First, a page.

On September 16, 2021, eleven congressional leaders (“the Signors”) sent a letter to Andrew Hirshfeld, the acting director of the United States Patent and Trademark Office (“USPTO”), requesting the USPTO to reevaluate the Patent Trial and Appeal Board’s (“PTAB”) view on discretionary denials of petitions for inter partes review (“IPR”). The Office uses discretionary denials to deny institution of challenges to patents when an upcoming trial in district court would address the patent’s validity on the premise that parallel review would be an inefficient use of the PTAB’s resources. The first signature of the letter is none other than Senator Patrick Leahy (D-VT), one of the two lead sponsors of the America Invents Act. The congressional letter garnered bi-partisan support, with other signors including Senator Elizabeth Warren (D-MA), Congressman Darrell Issa (R-CA), and Senator Richard Blumenthal (D-CT). However, Thom Tillis (R-NC), who has signed previous letters to the USPTO and is an active member of the Senate Judiciary IP Subcommittee, is noticeably absent from the letter.
The Signors emphasized that discretionary denials are contributing to the high price of drugs. As described in the letter, some pharmaceutical companies engage in anti-competitive patent practices that artificially extend the manufacturer’s monopoly on a drug, prevent competitors from entering the market, and drive up the cost of drugs. The letters cites as an example that pharmaceutical companies create “patent thickets” comprising “dozens of questionable, back-to-back patents,” or engage in “product hopping” by transitioning from one branded drug to another very similar drug with a longer patent life.
As noted by the Signors, the IPR process was designed by Congress to provide “a lower-cost and faster alternative to litigation” to allow competitors to challenge weak patents and bring generic or biosimilar products to market sooner. The Signors explained that the IPR system is “one of the few tools available” to serve as a “check against questionable patents” and “help address the root cause of high prescription drug prices.” By denying IPR petitions for “reasons not based on merit” but based on administrative factors “not grounded in statute,” the Signors argued that discretionary denials of IPR petitions have weakened the IPR process.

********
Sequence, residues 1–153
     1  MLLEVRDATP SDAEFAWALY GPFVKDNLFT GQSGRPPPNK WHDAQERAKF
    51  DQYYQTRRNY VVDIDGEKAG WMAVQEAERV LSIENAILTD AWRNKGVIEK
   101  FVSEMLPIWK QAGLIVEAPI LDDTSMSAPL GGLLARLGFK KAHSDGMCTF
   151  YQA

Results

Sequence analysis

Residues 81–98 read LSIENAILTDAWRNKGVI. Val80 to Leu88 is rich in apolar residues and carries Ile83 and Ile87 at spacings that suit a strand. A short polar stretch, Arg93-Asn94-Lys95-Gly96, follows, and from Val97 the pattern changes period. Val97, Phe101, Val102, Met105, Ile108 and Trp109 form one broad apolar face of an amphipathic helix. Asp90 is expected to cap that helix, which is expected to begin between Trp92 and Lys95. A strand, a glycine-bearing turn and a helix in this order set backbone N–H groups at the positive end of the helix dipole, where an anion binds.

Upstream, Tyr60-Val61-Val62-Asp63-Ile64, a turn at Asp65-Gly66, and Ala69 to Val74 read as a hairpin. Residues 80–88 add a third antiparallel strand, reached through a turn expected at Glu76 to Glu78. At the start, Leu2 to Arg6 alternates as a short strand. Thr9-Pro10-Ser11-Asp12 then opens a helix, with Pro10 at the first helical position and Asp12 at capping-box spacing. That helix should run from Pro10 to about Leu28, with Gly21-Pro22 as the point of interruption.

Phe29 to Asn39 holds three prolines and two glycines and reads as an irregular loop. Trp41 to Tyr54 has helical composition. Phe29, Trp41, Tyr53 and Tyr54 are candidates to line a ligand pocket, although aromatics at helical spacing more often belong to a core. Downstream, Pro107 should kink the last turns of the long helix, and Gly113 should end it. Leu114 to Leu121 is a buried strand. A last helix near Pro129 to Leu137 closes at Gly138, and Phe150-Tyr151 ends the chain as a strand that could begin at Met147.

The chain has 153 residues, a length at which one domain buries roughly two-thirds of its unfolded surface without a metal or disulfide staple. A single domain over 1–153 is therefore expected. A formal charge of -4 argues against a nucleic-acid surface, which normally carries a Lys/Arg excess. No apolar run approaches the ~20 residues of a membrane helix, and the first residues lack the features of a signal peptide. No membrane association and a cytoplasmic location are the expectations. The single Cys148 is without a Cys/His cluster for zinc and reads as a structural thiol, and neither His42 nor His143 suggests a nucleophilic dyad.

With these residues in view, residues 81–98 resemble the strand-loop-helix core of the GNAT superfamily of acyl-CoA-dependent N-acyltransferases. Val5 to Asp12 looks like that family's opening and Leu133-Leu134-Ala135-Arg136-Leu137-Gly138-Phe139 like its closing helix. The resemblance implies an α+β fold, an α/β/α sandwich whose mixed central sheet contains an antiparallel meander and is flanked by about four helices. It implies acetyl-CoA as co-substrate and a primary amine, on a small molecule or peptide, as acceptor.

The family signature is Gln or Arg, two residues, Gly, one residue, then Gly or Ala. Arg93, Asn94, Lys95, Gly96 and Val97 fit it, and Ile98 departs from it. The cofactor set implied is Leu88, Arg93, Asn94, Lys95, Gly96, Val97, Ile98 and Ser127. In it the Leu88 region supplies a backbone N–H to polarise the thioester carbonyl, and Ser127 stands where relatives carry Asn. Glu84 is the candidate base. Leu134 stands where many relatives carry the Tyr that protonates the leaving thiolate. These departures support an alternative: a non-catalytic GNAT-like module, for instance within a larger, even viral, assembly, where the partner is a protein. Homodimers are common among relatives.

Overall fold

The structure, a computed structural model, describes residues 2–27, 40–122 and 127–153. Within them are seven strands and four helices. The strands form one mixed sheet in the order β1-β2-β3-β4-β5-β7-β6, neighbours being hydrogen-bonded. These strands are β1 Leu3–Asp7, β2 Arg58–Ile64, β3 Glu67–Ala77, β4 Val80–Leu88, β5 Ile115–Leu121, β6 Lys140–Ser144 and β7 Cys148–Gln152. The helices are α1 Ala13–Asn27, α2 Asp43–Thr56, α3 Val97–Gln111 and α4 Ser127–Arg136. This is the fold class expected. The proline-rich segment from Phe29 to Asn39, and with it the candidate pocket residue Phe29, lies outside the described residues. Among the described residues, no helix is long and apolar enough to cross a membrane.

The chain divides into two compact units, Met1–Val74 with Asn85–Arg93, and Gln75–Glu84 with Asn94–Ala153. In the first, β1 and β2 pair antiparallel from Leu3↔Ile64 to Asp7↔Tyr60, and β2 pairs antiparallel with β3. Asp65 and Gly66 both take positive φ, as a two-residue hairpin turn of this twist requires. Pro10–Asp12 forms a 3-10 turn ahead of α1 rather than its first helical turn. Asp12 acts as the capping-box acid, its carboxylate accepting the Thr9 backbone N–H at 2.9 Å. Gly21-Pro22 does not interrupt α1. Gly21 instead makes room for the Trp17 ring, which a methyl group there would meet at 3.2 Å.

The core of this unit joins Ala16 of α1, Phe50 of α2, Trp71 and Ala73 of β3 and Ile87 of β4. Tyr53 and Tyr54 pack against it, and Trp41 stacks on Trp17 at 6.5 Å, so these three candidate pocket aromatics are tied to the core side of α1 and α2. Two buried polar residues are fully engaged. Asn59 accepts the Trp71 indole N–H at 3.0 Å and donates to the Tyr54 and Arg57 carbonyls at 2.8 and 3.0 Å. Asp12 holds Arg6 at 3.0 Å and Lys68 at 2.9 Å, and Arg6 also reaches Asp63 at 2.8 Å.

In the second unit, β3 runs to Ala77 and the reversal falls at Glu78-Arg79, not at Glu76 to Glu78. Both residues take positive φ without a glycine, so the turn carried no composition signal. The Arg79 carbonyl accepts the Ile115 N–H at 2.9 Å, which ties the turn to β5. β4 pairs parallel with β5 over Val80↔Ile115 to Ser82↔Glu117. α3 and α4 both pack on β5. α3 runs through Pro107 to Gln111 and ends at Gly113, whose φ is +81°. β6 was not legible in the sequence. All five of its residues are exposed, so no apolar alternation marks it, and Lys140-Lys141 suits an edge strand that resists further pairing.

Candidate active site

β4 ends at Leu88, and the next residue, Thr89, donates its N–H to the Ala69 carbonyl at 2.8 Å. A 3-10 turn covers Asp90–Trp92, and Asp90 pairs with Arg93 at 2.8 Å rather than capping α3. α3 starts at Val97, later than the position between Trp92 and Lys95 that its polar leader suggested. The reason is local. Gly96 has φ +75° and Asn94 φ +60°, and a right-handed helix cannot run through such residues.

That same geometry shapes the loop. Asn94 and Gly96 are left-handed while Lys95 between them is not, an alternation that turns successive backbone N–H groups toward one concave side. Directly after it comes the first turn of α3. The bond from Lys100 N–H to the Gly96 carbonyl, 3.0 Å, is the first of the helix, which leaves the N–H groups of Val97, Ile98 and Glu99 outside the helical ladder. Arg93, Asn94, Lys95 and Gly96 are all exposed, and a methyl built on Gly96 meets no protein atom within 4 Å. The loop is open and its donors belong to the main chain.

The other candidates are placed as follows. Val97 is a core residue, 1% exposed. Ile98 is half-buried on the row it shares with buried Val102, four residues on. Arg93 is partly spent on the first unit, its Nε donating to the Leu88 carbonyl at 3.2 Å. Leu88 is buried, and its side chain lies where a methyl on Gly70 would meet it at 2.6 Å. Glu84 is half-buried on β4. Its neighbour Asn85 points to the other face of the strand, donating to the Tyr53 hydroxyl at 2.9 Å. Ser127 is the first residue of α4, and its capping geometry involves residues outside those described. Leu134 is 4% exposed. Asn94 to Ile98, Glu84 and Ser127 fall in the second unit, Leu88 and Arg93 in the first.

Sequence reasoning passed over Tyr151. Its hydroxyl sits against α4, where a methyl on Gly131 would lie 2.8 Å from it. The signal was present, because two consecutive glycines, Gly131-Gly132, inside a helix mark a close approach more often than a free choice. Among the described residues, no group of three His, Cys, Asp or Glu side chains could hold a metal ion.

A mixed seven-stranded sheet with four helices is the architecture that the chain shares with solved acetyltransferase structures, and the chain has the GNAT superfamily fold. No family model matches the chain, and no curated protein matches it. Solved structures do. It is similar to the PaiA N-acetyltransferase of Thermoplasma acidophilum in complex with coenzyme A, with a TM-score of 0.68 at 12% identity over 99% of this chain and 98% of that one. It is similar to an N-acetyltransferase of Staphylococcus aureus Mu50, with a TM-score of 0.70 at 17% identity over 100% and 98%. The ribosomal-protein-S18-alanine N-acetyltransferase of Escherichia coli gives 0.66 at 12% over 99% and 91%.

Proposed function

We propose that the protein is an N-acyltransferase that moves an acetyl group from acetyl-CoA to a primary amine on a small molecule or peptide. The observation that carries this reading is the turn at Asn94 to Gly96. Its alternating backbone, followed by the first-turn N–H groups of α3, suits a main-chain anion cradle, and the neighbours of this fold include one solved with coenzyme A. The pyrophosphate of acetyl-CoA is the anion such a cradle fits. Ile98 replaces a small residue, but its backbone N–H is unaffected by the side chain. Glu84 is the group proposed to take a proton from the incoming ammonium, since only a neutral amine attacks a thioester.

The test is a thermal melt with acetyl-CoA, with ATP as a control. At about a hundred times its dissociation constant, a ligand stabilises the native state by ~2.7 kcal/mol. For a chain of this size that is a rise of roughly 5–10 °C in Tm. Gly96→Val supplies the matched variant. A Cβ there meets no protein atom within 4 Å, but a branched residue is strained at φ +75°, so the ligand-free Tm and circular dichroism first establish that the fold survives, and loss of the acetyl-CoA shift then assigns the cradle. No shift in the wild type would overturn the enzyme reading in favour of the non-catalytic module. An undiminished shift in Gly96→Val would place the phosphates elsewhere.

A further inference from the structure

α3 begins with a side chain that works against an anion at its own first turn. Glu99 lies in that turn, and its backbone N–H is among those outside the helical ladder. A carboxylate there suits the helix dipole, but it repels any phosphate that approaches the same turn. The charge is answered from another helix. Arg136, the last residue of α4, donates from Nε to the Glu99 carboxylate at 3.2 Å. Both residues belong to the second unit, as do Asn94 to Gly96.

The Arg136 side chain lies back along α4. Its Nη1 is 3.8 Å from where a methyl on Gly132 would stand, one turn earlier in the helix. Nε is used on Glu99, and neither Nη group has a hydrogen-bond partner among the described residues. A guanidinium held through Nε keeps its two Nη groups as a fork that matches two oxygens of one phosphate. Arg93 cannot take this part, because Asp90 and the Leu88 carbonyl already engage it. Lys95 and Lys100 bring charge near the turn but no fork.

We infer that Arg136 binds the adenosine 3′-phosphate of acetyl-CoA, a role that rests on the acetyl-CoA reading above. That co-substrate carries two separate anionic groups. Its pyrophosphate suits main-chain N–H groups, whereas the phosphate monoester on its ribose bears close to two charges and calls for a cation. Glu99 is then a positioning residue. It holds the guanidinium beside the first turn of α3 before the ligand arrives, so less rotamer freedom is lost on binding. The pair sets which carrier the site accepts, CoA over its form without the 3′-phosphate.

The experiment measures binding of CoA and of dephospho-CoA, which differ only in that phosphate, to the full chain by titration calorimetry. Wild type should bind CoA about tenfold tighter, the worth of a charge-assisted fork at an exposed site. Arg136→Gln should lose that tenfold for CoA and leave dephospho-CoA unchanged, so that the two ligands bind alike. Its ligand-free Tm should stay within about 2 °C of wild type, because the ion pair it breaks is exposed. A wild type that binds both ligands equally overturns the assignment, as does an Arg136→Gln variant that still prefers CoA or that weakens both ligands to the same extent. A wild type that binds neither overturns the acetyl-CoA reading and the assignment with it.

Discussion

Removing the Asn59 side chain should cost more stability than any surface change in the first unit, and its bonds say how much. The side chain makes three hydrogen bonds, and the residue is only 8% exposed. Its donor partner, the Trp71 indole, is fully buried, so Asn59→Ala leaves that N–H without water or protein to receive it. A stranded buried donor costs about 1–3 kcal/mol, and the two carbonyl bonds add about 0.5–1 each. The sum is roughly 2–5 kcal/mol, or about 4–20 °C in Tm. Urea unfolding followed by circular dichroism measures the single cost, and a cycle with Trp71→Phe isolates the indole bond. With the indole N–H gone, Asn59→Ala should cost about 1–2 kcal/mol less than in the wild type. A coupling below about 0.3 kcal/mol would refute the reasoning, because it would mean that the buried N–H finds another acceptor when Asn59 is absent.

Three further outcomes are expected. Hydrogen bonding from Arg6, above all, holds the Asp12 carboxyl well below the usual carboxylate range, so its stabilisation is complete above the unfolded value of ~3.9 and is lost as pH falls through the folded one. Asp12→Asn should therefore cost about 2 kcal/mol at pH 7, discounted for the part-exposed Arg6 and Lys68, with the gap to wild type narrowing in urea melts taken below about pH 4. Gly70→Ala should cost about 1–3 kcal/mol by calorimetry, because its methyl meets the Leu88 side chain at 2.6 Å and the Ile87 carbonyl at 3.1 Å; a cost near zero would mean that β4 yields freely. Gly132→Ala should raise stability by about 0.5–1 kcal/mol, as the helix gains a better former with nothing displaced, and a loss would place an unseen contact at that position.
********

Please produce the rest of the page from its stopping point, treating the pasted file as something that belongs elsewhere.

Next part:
Particularly, the Signors point to Apple, Inc. v. Fintiv, Inc., IPR2020-00019, Paper 11 (PTAB Mar. 20, 2020, designated as precedential May 5, 2020), which set forth the factors governing the PTAB’s discretion to deny institution of an inter partes review (“IPR”). Since Fintiv, the number of IPR petitions denied for reasons not based on the merit have risen dramatically – from 5% in 2016 to an estimated 19% in 2020.
Currently before the Supreme Court are two petitions for writ of certiorari related to Fintiv as further discussed here. Additionally, various members across the patent community have also weighed in on the Fintiv factors in response to the USPTO’s request for comments on discretionary institutions in 2020 as further discussed in our earlier post found here.
With the additional pressure on the USPTO from Congress, we may see changes to discretionary denials and to Fintiv in the future.